SOURCES: Foster, A, Pevsner Architectural Guides: Birmingham (2007), 239; Pevsner, N and Wedgwood, A, The Buildings of England: Warwickshire (1966), 165; History of the County of Warwick (Victoria County History), Volume 7: City of Birmingham (1964), 384; 'The Parish Church of St Augustine of Hippo' - introductory leaflet

HISTORY: The wealthy suburb of Edgbaston developed throughout the C19 from about 1810, under the auspices of the Lords of the Manor, the Gough-Calthorpe family. Large numbers of middle-class houses were built, with new roads laid out periodically. By 1851, houses had been built along the main route from the city centre, the Hagley Road, as far as Rotton Park Street. As the population grew, so did the need for places of worship, and the Church of St George was consecrated in 1838, and the Church of St James in 1852. In 1864, Joseph Gillott, a successful pen manufacturer who lived in Westbourne Road, and owned land immediately to the north of the Hagley Road, resolved to instigate the building of a new church, as the existing buildings were no longer able to accommodate the 18,000 residents of Edgbaston. He discussed the siting of the new church with J A Chatwin, the foremost ecclesiastical architect in the city; Chatwin suggested the creation of an island site just north of the Hagley Road, from which a new straight road (now St Augustine's Road) would run. The site was donated to the church authorities, and £9,000 was raised in subscriptions for the cost of the building. Chatwin won an open competition for the design of the church, and the building, dedicated to St Augustine of Hippo (then comprising chancel, nave, aisles and north transept) was consecrated by the Bishop of Worcester in 1868, as a chapel of ease to the Church of St Bartholomew, Edgbaston. The tower and spire were added in 1876, at a cost of £4,000. A stained glass window depicting St Augustine was donated by the congregation and set in the south transept, under the tower. A parish was assigned to St Augustine's in 1889, formed from part of the parish of St Bartholomew. A Lady Chapel was created in the south aisle and transept around 1930, divided from the body of the church by a pierced timber screen carved by Robert Panchieri. During enemy action in 1940, the window depicting St Augustine was lost as a result of bombing, but was replaced after the war, though with a catalogue design mistakenly showing St Augustine of Canterbury rather than St Augustine of Hippo. In 1964, a baptistery was created in the north transept, designed by the renowned mid-C20 church architect George Pace (1915-75), including a new font to his design. To celebrate the church's centenary in 1968, a new narthex porch was added at the west end, to an earlier design by P B Chatwin, nephew and colleague of J A Chatwin.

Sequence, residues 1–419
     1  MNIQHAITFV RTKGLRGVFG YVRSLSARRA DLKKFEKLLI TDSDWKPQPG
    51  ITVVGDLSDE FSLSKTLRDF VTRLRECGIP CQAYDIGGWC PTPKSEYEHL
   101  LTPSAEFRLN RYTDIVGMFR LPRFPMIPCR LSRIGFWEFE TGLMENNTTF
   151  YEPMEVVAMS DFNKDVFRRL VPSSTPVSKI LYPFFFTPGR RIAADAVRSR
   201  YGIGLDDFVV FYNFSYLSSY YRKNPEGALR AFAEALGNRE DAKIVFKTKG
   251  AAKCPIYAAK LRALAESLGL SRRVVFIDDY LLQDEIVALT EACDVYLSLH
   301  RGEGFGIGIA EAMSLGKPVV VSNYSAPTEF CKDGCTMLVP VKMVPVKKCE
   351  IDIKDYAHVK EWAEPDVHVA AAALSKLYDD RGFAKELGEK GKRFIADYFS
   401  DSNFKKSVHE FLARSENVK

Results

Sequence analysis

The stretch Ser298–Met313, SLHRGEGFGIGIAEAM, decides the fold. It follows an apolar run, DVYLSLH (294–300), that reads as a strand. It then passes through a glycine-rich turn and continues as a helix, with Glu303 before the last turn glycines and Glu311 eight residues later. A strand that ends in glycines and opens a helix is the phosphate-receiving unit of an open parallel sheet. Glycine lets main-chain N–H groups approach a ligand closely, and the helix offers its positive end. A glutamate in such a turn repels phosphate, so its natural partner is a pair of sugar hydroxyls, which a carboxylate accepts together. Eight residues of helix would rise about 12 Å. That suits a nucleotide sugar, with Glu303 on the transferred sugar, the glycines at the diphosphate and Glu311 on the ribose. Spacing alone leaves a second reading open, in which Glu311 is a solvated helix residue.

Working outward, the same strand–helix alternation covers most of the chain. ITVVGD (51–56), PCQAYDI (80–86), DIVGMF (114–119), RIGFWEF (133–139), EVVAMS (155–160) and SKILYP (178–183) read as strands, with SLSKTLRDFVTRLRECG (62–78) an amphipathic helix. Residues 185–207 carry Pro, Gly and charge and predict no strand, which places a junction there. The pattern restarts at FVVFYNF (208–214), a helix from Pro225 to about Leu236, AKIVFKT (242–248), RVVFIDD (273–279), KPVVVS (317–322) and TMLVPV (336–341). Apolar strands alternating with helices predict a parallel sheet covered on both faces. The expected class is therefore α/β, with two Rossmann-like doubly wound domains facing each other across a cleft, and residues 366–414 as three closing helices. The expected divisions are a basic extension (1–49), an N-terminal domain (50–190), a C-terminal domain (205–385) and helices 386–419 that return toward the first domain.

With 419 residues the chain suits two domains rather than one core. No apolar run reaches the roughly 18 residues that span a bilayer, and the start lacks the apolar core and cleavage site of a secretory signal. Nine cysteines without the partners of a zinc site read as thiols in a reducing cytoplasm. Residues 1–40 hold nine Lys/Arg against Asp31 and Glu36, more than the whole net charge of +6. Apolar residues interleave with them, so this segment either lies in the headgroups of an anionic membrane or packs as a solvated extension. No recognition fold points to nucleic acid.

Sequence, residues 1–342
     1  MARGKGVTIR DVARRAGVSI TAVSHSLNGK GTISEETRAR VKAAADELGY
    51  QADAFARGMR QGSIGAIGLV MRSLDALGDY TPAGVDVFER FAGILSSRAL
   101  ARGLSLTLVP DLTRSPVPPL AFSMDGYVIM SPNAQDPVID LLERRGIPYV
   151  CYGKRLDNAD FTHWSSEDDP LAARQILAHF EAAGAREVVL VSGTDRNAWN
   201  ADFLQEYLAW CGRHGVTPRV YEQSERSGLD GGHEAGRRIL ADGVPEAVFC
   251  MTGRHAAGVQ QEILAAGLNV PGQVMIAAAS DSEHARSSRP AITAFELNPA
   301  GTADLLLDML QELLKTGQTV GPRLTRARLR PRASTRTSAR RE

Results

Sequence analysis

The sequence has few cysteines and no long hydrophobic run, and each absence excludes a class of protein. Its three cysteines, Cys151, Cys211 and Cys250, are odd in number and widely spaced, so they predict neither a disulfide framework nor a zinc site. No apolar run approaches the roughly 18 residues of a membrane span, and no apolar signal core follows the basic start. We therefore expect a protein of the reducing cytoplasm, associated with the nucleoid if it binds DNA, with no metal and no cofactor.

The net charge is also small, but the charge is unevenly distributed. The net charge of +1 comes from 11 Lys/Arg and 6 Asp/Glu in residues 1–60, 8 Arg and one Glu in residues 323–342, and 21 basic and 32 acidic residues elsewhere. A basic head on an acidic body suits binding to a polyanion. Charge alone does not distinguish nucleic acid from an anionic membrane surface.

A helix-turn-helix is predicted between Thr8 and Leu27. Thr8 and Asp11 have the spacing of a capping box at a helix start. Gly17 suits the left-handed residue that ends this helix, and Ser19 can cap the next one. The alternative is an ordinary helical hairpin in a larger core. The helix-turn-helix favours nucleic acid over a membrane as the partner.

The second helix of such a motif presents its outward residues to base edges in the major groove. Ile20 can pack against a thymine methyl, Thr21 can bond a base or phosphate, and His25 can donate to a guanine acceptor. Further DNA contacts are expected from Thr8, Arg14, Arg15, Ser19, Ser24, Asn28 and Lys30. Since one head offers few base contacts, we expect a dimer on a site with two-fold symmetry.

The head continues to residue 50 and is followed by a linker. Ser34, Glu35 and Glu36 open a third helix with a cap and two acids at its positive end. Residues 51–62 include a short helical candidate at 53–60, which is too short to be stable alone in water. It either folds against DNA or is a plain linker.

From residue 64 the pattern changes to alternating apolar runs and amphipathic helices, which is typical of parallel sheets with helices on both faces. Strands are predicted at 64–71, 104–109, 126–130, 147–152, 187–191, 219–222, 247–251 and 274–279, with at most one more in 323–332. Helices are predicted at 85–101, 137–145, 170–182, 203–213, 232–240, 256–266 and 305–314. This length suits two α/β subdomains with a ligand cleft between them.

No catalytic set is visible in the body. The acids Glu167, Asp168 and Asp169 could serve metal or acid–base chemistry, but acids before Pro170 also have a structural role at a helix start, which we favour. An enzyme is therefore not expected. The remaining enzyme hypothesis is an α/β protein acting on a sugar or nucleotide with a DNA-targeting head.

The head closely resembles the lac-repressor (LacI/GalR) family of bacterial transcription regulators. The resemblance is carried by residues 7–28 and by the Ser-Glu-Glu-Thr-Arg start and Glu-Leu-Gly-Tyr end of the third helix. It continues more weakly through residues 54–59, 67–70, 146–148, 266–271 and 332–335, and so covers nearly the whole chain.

REASONS FOR DESIGNATION: The Anglican Church of St Augustine of Hippo is designated at Grade II*, for the following principal reasons: * The church is a high-quality design by J A Chatwin, the foremost church architect in the region in the second half of the C19 * Its exterior shows clear quality in its proportions, massing and detailing, particularly the tall tower and spire, with its delicate corona and rich embellishment * A narthex added to the west, to the design of P B Chatwin, adds to the interest and variety of the exterior * The quality of craftsmanship is very good throughout the building, both inside and outside * The interior has extensive, high quality and rich decoration, including a painted chancel ceiling, botanical and figurative carving by Roddis of Birmingham and the Bromsgrove Guild, and glass by Hardman and Co * The interior is enhanced by the creation in the 1960s of a north baptistery by George Pace


The contents of this record have been generated from a legacy data system.

Legacy System number: 217386

Legacy System: LBS


Books and journals
The Victoria History of the County of Warwickshire, City of Birmingham: Volume 7, (1964), 384
Foster, A, Pevsner Architectural Guides: Birmingham, (2005), 239
Pevsner, N, Wedgwood, A, The Buildings of England: Warwickshire, (1966), 165

End of official listing